Canada

Country Profile



Regent Park in Toronto, Canada

As of 2006, just over 68% of Canadian households owned their homes, the most prevalent housing tenure form. Statistics Canada estimates that the overall housing stock – residential structures plus land – is worth about $2.78 trillion.[1] Of this, Bank of Canada statistics indicate that approximately $960 billion was mortgaged as December 2009.[2]  

Canada’s housing finance system is national, that is mortgage credit is accessible in all regions of the country on similar terms and conditions. Various financial institutions including: chartered banks, credit unions and caisses populaires, finance and non-deposit-taking companies, life insurance companies, pension funds and trust and mortgage loan companies, operate in the mortgage market.  Banks are the largest providers of mortgage credit in Canada, however intense competition in housing finance provides mortgage borrowers with many options in terms of rate and term options and in terms of payment features.  

Mortgage loans in Canada typically amortize over a 25-year period, with mortgage terms running from six months to 10 years. The 5-year fixed rate mortgage has traditionally been the dominant mortgage in Canada (accounted for 69% of originations in 2009), but there has been a trend in recent years towards shorter-term mortgages as well as the growing popularity of variable rate mortgages, which accounted for about 30% of residential mortgage originations.[3]  

Mortgage insurance is a dominant feature of the Canadian residential lending landscape. By federal law, federally regulated financial institutions can extend conventional mortgages up to 80% of the value of a residential property (loan to value; LTV). Above the 80% LTV threshold, the Bank Act requires mortgage insurance to protect lenders against borrower default.   Mortgage insurance is provided by the Canada Mortgage and Housing Corporation (CMHC), a federal Crown Corporation, which operates the largest mortgage insurance program, and two private mortgage insurers – Genworth Financial and Canada Guaranty. CMHC reported insurance in-force for 2009 of $472.3 billion. Insurance in-force for Genworth, the larger private mortgage insurer, was reported at $224 billion in their 2009 financial statements.[4]  

On-balance sheet lending remains the main source of mortgage funding; approximately 70% of Canadian mortgages are held on-balance sheet and are funded through deposits. The main mortgage securitization instruments in Canada are National Housing Act Mortgage Backed Securities (NHA MBS) and Canada Mortgage Bonds (CMB). Total NHA MBS outstanding stood at $300 billion as of June 30, 2010, with total CMB outstanding accounting for $185 billion of this amount.   A key feature of both NHA-MBS and CMB for investors is the CMHC guarantee - on behalf of the Government of Canada - of the full timely payment of principal and interest, in the case of mortgagors’ default and/or NHA-MBS issuers’ default. CMHC operates its securitization activities on a commercial basis with no government subsidization. NHA-MBS and CMB are also attractive to foreign investors as they are exempt from withholding taxes.   Covered bonds, while increasing in popularity are still a minor source of mortgage funding.In 2007 , the Office of the Superintendent of Financial Institutions (OSFI), Canada’s federal financial institutions regulator, issued guidance limiting banks’ issuance of covered bonds to no more than 4% of their total assets.[5] As of September 30, 2010, Canadian banks had $21.6 billion in covered bonds outstanding.   In the March 2010 federal budget, it was announced that a legislative framework for Canadian covered bonds would be considered. The drafting of the legislation is ongoing, and while the in-force date of such legislation remains uncertain it appears that covered bonds will remain an additional funding source for Canadian financial institutions going forward.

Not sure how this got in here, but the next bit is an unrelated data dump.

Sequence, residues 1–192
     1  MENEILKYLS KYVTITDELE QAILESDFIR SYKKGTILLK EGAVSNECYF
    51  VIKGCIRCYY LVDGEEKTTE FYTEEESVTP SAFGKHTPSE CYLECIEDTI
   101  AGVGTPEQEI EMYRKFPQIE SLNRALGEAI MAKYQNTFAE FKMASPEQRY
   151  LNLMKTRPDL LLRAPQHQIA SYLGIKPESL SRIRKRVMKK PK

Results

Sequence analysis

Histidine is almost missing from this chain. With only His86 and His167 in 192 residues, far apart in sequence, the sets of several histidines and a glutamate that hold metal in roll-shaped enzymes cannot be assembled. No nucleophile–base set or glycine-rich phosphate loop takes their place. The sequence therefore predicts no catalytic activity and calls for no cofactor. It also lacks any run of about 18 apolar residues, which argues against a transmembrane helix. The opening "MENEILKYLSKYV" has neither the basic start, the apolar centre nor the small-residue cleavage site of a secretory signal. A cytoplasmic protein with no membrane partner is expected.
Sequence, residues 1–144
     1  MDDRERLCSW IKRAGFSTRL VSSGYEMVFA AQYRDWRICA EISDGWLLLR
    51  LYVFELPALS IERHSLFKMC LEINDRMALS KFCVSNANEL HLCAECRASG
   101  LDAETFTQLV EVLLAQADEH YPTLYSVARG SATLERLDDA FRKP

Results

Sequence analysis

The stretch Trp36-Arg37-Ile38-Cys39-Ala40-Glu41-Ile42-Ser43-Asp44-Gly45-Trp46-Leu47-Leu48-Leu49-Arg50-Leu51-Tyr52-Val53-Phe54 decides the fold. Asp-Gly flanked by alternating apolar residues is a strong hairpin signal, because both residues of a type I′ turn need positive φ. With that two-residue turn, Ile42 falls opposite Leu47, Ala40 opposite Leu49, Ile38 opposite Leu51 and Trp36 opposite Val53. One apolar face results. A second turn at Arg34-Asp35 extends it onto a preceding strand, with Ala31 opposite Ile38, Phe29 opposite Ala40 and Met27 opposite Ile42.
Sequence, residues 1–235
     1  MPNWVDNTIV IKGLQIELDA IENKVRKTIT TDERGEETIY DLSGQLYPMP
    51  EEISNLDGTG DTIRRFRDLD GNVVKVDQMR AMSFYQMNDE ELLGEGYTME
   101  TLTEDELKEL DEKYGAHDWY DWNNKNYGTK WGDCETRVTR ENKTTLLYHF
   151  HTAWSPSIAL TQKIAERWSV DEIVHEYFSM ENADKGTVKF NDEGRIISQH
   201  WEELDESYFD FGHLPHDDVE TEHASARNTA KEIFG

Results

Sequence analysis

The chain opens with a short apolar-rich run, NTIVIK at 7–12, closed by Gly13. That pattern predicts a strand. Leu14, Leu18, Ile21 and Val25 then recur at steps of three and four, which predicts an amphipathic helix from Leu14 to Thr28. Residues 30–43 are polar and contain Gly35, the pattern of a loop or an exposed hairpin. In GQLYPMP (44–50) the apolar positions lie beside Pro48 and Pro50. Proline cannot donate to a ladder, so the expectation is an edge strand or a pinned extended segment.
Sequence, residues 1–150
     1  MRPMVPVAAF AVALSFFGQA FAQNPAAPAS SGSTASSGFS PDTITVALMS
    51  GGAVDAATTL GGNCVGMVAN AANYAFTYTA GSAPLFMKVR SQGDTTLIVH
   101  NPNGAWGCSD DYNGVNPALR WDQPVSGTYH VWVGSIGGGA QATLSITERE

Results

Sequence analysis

[1] TD Securities, Mortgage Market Primer, June 17, 2010, p. 1.

[2] Reference: Bank of Canada, Banking and Financial Statistics – September 2010; http://www.bank-banque-canada.ca/pdf/bfs.pdf

[3] Source: FIRM Residential Mortgage Survey, Winter 2010.

[4] It should be noted that CMHC’s insurance in-force represents the outstanding balance of insured mortgages, whereas Genworth reports the total of the original balance of the mortgages it has insured (i.e. no adjustment for amortization). 

[5] Reference: http://www.osfi-bsif.gc.ca/app/DocRepository/1/eng/notices/osfi/cvbnds_e.pdf

About the Editor

Michael Borish and Company, Inc. (MB&C)
Contact
Website

Since 1996, Michael Borish and Company, Inc. has carried out extensive work in housing finance, risk management policy, and banking supervision regulations focused on credit risk. Michael Borish has an MBA from the University of Chicago (1985), and is currently working on his PhD at Carleton University in Canada. He served as Director of International Housing Finance at the Canada Mortgage and Housing Corporation (2007-2012) and was a Financial Analyst at the World Bank (1993-1996).